An International Childhood

By Bryerly Long

Frequently people ask what drew me to Japan, where acting in theatre and film I have spent the better part of my twenties. Born in Washington, DC, in the US in 1988, I grew up in Vietnam, Bosnia, France, and the UK, so am familiar with the expatriate experience. Following my parents who worked in international development and studying in French, German and Serbo-Croatian, I learned to adapt to highly diverse cultures and different languages, manners, speech patterns, physical attitudes, fashion, etc. Yet, I remained an outsider to a greater or lesser degree – due to the simple facts of nationality, and having experienced different ways of being. This sense of rootlessness is so strong that I do not feel that I have a home country per se, and even feel an outsider in the US, my country of origin. While I often faced loneliness arriving in new countries and without any attachments, studying dance provided me with a sense of belonging to a community of dancers, and rehearsal studios and theaters became my second home. I found meaning in performance as a way of overcoming solitude, connecting with other people (other performers and the audience), and ultimately drawing on individual emotions to connect to universal human experiences.

In Washington, DC, where my parents worked for USAID and the State Department, they frequently traveled for work, to Bosnia, Croatia, Serbia, Montenegro and Kosovo during the Yugoslav Wars. I accompanied them on a couple trips. My mother tells the story of my first banana split, which I ate in a small town close to the city of Split in Croatia, and her rushing me to finish as the sound of shelling and troop movements drew nearer.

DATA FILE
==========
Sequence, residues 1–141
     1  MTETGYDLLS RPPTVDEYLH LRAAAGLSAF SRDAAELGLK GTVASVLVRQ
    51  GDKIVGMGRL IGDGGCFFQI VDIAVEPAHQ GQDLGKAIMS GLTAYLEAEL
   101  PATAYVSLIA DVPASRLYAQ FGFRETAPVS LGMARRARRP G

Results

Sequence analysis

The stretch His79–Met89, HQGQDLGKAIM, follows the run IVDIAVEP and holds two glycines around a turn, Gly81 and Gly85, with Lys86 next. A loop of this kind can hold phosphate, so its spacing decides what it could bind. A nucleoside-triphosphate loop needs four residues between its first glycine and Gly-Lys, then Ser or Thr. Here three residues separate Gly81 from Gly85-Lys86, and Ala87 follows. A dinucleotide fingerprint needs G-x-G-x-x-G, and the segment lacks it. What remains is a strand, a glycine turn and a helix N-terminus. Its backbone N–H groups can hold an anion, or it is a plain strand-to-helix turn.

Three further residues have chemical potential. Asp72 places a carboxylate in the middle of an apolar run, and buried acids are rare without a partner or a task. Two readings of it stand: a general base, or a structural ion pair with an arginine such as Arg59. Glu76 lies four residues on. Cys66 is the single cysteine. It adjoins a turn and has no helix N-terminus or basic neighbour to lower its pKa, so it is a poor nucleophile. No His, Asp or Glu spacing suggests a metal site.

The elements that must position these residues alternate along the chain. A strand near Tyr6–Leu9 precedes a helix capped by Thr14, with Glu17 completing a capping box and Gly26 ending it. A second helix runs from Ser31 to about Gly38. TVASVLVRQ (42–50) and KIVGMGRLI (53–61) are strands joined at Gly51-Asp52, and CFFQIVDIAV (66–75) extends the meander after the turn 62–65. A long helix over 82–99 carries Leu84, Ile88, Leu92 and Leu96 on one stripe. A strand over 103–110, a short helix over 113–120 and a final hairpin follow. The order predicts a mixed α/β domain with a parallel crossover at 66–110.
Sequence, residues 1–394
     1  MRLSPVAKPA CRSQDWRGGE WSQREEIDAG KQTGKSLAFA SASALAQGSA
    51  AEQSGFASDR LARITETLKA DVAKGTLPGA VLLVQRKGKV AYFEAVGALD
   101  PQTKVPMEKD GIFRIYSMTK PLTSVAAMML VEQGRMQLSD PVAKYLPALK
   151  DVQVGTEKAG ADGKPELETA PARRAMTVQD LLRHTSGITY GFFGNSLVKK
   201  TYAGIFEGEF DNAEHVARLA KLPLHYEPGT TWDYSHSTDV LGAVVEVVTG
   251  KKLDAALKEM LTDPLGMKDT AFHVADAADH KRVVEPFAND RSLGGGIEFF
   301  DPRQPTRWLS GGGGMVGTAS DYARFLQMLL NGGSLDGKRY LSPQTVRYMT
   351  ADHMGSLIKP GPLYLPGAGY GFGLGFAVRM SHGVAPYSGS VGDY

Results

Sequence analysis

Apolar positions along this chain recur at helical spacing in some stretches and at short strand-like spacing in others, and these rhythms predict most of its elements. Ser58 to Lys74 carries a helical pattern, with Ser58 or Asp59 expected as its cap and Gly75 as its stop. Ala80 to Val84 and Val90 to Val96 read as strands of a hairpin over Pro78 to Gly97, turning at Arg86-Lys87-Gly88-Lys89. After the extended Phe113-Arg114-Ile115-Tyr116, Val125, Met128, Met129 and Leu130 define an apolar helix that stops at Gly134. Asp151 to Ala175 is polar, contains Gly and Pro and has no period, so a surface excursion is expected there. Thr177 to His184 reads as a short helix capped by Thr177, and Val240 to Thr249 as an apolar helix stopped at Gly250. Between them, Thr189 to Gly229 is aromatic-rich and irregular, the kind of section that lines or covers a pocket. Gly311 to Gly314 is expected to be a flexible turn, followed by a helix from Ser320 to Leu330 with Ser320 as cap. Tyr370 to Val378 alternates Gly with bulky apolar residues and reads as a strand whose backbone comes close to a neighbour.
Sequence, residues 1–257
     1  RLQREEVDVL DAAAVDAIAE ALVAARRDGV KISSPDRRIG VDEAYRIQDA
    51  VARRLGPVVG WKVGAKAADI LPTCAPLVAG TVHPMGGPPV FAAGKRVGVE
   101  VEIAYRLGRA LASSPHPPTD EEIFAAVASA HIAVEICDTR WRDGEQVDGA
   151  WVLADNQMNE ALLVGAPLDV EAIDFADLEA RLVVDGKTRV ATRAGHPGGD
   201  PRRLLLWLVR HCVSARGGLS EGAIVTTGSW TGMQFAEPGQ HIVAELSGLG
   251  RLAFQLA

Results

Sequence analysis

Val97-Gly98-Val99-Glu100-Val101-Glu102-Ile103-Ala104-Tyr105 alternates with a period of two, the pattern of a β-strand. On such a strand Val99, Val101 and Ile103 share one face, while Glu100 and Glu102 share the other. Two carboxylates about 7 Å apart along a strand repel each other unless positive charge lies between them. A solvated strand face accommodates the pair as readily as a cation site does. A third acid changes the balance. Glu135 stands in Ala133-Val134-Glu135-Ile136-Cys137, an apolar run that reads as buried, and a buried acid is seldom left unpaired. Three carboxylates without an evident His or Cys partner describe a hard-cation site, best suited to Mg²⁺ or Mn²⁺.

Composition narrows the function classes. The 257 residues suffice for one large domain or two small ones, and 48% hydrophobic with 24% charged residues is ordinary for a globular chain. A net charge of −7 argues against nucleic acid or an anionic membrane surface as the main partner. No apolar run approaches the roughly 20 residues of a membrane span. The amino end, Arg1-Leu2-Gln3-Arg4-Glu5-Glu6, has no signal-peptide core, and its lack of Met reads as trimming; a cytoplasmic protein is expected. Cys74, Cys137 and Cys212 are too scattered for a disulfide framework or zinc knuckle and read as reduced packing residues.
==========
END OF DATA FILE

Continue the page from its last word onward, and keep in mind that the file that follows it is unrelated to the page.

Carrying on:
Due to my parents’ dual careers, a German au pair lived with us, and took care of my baby sister and me; so my childhood education in the US was strongly influenced by German culture. I also attended the German School. My parents originally wanted to send me to the French School because, working for the American government at the time, they felt that it is very important to learn to read and write in multiple languages; and also because of my mom’s love of French literature and culture. However at my interview for that kindergarten I explained to the headmistress that I would be going to the German School.

My first swearword was in German. When I was two, I fell down a staircase, stood up, and exclaimed “Scheisse” rather to my mom’s relief, probably a word I’d overheard from my au pair when caught in traffic. Though many years have passed, I have fond memories of the German kindergarten years and learning to read with “Fara und Fu” the fairytales of Grimm and Andersen, German kids’ songs, making things during the “Basteln” class – and I feel that it was a style of education that encouraged kids’ creativity.

When we moved to Hanoi (I was 8 at the time, and my sister only 2), I was heart-broken to part from my friends at the Deutsche Schule Washington and my German au pair. I remained angry with my parents for some time. We spent the first two months in the Hanoi Army Hotel (before its restoration), which seemed not to have changed much since the Vietnam War, only that there was a new generation of better-fed rats. There was also a sad monkey in a cage in front of the reception. I used to go talk to him sometimes through the bars.

Once I got into a big argument with my mom in front of some Vietnamese government officials. She had left my sister and me at the hotel with a babysitter who spoke only Vietnamese and with no way of reaching her or my dad or knowing when they would return. She exhorted me: “Aren’t you ashamed of yourself; no Vietnamese child would ever show a lack of respect to their parents in this way. Remember, you are an ambassador for your country; is this really how you want people to think Americans behave?” To this day I remember that advice, and realize that my actions overseas will always be perceived as those of an American, regardless of my own identity, allegiances, or relationship to the US.

My first Japanese friend was made in Hanoi, when I briefly attended the United Nations International School (UNIS) in Second Grade before transferring to the French Lycee. I did not adapt well to that first school. In my class a Japanese girl, Yukiko, was having an even rougher time than I had, as she understood only very little English, had no friends, and barely spoke. Because we were both outsiders we became friends. On my last day at UNIS, Yukiko wrote me a very touching letter in English, in which she thanked me for being her friend and helping her with the schoolwork, and said that she was sad I was leaving the school.